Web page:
Governor Bill Lee signed an executive order Wednesday establishing the Asian Carp Advisory Commission.
TWRA Aquatic Nuisance Species Coordinator Cole Harty said the Upper Cumberland has luckily not been hit hard by Asian and Silver Carp. Harty said there have been reports of Silver Carp, but not to the extent of waters like the lower Tennessee River.
“As far as the Upper Cumberland goes, you know the Tailwater area there at Cordell Hull Dam,” Harty said. “Is kind of what we believe to be the uppermost extent of the Silver Carp at this point.”
The Cordell Hull tailwater is located near Jackson and Smith Counties. Harty said there have been reports and collections of invasive carp in Old Hickory Lake, which runs up to the Cordell Hull Dam.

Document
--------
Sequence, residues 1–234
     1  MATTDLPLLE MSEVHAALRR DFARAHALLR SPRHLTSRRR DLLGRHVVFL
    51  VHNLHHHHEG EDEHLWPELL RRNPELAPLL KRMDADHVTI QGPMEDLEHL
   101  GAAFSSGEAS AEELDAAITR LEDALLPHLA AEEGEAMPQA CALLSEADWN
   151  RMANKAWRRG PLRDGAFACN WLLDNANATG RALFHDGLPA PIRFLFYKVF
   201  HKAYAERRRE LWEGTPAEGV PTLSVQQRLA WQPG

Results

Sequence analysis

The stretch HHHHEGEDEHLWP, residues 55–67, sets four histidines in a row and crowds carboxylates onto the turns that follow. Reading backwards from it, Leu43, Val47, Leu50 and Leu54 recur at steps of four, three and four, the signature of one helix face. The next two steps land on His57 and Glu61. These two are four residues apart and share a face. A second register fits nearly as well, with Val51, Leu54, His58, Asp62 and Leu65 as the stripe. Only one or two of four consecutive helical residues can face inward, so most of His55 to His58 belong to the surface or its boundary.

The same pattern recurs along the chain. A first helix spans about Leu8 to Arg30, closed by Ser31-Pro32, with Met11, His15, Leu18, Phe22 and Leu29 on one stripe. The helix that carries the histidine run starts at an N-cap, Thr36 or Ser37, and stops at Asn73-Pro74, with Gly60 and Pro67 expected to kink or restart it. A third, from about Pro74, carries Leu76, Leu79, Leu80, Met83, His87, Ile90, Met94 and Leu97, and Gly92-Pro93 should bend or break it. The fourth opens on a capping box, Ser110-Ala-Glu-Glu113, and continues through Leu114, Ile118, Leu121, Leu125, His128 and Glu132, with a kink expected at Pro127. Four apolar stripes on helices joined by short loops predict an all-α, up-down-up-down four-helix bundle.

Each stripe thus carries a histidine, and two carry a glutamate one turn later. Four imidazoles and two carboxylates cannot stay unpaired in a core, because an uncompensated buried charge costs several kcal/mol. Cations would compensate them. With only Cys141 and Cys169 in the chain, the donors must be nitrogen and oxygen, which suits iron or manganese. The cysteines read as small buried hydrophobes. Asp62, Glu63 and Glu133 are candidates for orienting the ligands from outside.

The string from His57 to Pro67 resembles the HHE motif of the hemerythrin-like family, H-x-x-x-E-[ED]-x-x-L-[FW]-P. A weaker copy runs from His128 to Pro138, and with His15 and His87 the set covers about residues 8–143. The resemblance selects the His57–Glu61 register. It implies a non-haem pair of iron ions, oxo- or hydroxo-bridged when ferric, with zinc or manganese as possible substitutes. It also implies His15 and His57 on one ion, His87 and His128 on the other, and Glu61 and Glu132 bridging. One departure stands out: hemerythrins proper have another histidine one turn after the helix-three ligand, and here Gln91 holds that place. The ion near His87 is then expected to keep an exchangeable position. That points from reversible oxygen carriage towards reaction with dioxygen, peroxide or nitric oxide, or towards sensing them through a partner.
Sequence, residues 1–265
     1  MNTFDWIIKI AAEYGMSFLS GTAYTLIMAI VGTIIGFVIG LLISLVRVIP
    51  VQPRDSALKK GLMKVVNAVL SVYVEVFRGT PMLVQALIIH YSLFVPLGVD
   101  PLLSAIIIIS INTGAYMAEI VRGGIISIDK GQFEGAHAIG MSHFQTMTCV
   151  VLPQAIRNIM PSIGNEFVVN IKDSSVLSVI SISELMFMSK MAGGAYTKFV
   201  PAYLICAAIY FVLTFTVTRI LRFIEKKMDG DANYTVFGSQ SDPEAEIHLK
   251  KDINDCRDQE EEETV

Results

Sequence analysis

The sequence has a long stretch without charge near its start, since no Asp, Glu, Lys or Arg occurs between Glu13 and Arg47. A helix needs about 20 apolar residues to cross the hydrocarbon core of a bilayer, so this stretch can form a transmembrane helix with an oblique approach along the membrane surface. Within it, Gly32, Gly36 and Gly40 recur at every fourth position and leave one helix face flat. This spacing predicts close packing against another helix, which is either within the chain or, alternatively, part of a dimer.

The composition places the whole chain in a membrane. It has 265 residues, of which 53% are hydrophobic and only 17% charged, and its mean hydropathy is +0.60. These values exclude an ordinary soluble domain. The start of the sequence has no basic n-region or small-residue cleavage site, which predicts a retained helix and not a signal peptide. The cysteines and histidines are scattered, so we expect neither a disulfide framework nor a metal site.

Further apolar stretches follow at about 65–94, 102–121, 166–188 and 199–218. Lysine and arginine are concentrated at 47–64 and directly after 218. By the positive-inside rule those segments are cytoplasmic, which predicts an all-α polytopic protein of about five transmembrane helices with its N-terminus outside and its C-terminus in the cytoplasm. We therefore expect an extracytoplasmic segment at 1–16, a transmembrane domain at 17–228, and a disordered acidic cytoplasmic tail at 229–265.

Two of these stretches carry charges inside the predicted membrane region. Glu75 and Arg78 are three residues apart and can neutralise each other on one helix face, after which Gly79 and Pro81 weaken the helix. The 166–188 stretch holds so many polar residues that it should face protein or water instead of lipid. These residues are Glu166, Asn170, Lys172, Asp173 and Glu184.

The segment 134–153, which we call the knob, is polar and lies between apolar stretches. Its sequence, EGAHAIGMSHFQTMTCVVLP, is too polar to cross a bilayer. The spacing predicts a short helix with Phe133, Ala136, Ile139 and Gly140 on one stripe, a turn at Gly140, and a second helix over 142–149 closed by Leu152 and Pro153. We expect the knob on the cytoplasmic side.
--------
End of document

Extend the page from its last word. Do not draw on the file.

“The reports that we have had have been Silver Carp and the collections, recently we collected two on Old Hickory,” Harty said. “They weren’t near the Cordell Hull Dam at that point they were kind of mid-lake.”
Although the invasive carp have not been flooding into the Upper Cumberland. Harty said there are tactics to try and prevent an invasion.
“We think that with barriers combined with commercial fishing,” Harty said. “We can potentially stop the fish and then fish them down where they’re at.”
Harty said the invasive carp like to travel through lock and dam systems, when there’s boat traffic. The Silver Carp is a variety of the Asian Carp. Harty said Silver Carp are more likely to be reported because of their tendency to jump out of the water.
The invasive carp steal food from young, native fish, and can overtake waters. Which Harty said can push out native species.